Biden threatens new sanctions against Ethiopian and Eritrean officials in Tigray conflict amid reports of atrocities
- WARNING: GRAPHIC IMAGES
- President Joe Biden signed an executive order authorizing new sanctions on Ethiopian and Eritrean government officials engaged in conflict in Tigray
- Sanctions have not been imposed yet and are an attempt to encourage a ceasefire among the warring factions
- Region faces a famine and humanitarian crisis; aid being blocked from entering
- Administration said sanctions would go into effect if officials don’t enter talks for a ceasefire and allow humanitarian aid into the Tigray region
- Reports of atrocities are growing
President Joe Biden on Friday signed an executive order authorizing new sanctions on Ethiopian and Eritrean government officials engaged in conflict in the Tigray region in an attempt to encourage a ceasefire among the warring parties.
The administration did not immediately impose sanctions under the new order, which comes as reports of atrocities continue to emerge from the region.
But a senior administration official warned they are prepared to take ‘aggressive action’ unless the parties – Ethiopian government, the Eritrean government, the Tigray People’s Liberation Front, and the Amhara Regional Government – take ‘meaningful steps.’
That includes all parties to ‘enter into talks for a negotiated ceasefire and allow for unhindered humanitarian access’ to the region, the official said Thursday on a briefing call with reporters.
President Joe Biden signed an executive order authorizing new sanctions on Ethiopian and Eritrean government officials engaged in conflict in Tigray
As a result of the conflict, the Tigray region is facing a famine and humanitarian crisis
The conflict over Tigray has been ongoing for 10 months and previous attempts to pressure the warring party into talks have failed
The new sanctions are part of the U.S. pressure campaign to end the 10-month conflict, which have left hundreds of thousands of people facing famine. But not applying them is the administration’s way of trying to avoid punishing officials from Ethiopia, the second-most populous country and a key U.S. ally.
As the conflict continues, there have also been reports of mass detention, sexual violence, and killings that bear the hallmarks of genocide in Tigray, a region in the north of Ethiopia that borders Eritrea.
Human Rights Watch issued a report this week claiming that Eritrean government forces and Tigrayan militias have killed and raped Eritrean refugees.
There also have been reports of atrocities from Ethiopian and Eritrean troops fighting the Tigrayans – an ethnic group in northern Ethiopia.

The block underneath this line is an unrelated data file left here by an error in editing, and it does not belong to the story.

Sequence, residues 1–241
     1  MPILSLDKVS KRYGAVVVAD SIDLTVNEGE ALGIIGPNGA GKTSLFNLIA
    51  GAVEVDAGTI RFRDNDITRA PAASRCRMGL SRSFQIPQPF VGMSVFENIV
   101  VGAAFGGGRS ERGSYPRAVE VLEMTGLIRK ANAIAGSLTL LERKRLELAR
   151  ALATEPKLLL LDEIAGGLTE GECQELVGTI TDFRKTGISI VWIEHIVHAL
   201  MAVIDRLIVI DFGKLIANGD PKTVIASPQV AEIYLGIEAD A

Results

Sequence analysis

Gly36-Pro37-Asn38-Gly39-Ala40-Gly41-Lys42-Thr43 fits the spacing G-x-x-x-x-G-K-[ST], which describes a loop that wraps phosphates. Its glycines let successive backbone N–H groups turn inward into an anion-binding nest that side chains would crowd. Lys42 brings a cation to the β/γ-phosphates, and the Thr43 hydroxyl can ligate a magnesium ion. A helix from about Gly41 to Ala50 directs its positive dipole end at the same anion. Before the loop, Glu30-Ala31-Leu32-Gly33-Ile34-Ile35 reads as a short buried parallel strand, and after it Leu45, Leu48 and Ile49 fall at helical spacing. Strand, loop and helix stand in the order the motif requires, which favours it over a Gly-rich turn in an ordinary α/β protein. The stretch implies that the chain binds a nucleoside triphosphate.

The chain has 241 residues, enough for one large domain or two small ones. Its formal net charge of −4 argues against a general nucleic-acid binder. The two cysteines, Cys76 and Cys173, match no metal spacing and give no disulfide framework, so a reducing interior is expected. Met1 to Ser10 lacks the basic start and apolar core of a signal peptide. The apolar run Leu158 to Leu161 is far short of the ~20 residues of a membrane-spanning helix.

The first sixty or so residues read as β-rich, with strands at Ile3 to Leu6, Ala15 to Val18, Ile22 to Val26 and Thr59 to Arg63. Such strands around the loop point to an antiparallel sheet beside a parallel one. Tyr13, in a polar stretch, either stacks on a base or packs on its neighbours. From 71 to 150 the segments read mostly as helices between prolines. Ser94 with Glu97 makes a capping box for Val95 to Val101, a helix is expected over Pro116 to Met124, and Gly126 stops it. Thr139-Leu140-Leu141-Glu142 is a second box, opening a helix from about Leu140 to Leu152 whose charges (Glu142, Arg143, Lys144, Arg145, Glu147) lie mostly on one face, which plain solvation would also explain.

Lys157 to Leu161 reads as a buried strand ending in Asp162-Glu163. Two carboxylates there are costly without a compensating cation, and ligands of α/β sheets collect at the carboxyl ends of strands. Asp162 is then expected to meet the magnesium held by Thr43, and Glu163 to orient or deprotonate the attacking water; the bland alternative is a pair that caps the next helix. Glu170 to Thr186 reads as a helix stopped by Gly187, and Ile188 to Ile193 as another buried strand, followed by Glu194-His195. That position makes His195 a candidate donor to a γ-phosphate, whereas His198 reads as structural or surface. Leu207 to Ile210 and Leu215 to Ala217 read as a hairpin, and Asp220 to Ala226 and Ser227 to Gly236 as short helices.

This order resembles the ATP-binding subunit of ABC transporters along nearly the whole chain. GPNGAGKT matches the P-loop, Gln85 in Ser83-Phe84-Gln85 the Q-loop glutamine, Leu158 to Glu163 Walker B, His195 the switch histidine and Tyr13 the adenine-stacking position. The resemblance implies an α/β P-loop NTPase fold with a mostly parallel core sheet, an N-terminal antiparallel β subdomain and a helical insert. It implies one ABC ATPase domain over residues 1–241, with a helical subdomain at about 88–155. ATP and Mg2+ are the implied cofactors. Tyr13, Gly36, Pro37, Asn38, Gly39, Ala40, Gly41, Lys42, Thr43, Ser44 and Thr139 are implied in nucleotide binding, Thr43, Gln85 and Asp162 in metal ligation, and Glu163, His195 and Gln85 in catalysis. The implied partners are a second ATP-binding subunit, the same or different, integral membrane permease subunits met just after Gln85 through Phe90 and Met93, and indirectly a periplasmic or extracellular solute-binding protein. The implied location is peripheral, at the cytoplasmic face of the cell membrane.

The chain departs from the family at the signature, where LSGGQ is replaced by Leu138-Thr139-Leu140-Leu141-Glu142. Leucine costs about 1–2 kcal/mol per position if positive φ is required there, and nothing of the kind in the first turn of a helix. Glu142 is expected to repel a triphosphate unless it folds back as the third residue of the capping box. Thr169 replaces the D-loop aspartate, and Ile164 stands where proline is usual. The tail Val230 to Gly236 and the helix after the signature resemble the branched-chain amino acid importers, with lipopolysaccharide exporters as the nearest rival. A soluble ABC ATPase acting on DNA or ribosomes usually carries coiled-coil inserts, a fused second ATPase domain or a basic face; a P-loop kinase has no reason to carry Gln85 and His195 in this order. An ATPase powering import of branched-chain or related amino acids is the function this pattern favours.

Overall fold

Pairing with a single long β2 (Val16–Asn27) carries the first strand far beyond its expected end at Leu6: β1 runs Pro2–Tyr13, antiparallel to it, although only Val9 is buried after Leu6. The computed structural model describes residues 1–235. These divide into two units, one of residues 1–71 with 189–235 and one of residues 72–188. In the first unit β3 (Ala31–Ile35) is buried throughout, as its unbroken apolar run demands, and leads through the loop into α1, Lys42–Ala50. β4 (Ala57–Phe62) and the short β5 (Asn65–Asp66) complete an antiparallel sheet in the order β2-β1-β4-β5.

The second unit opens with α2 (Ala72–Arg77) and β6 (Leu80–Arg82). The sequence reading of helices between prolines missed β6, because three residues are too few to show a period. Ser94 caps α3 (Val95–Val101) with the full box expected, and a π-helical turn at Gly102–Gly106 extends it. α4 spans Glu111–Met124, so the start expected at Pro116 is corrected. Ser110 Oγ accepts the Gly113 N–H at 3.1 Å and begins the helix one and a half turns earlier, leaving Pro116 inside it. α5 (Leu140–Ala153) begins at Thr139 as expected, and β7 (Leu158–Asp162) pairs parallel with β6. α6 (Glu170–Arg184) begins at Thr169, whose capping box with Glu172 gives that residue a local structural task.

‘The ongoing conflict in northern Ethiopia is a tragedy causing immense human suffering and threatens the unity of the Ethiopian state,’ Biden said in a statement Friday.
‘Nearly one million people are living in famine-like conditions,’ he noted. ‘Humanitarian workers have been blocked, harassed and killed. I am appalled by the reports of mass murder, rape and other sexual violence to terrorize civilian populations.’
U.S. and United Nations officials said that humanitarian access to deliver food, fuel and medicine has been largely cut off.
Just 10 percent of humanitarian aid reached the Tigray region last month as a result of Ethiopian government obstruction, administration officials said on the briefing call.
WARNING: GRAPHIC IMAGES
A mass grave for victims that were killed in an alleged massacre in Ethiopia
An unidentified corpse with a military uniform – reports of atrocities are growing
Nearly a million people in the region are facing a famine as food and aid relief is blocked
Biden administration officials characterized the new sanctions as a last resort but previous pressure from the U.S. has failed to end the conflict.
‘This is not a decision that this administration has taken lightly and our preference, quite frankly, is to not to use this tool,’ a senior administration official said. ‘We would prefer that the parties to the conflict work with the international community to advance discussions toward a negotiated ceasefire.’
The Biden administration in May announced visa restrictions on current and former Ethiopian and Eritrean officials and, in August, sanctioned the chief of staff of Eritrea’s defense forces over human rights abuses under the Global Magnitsky Act.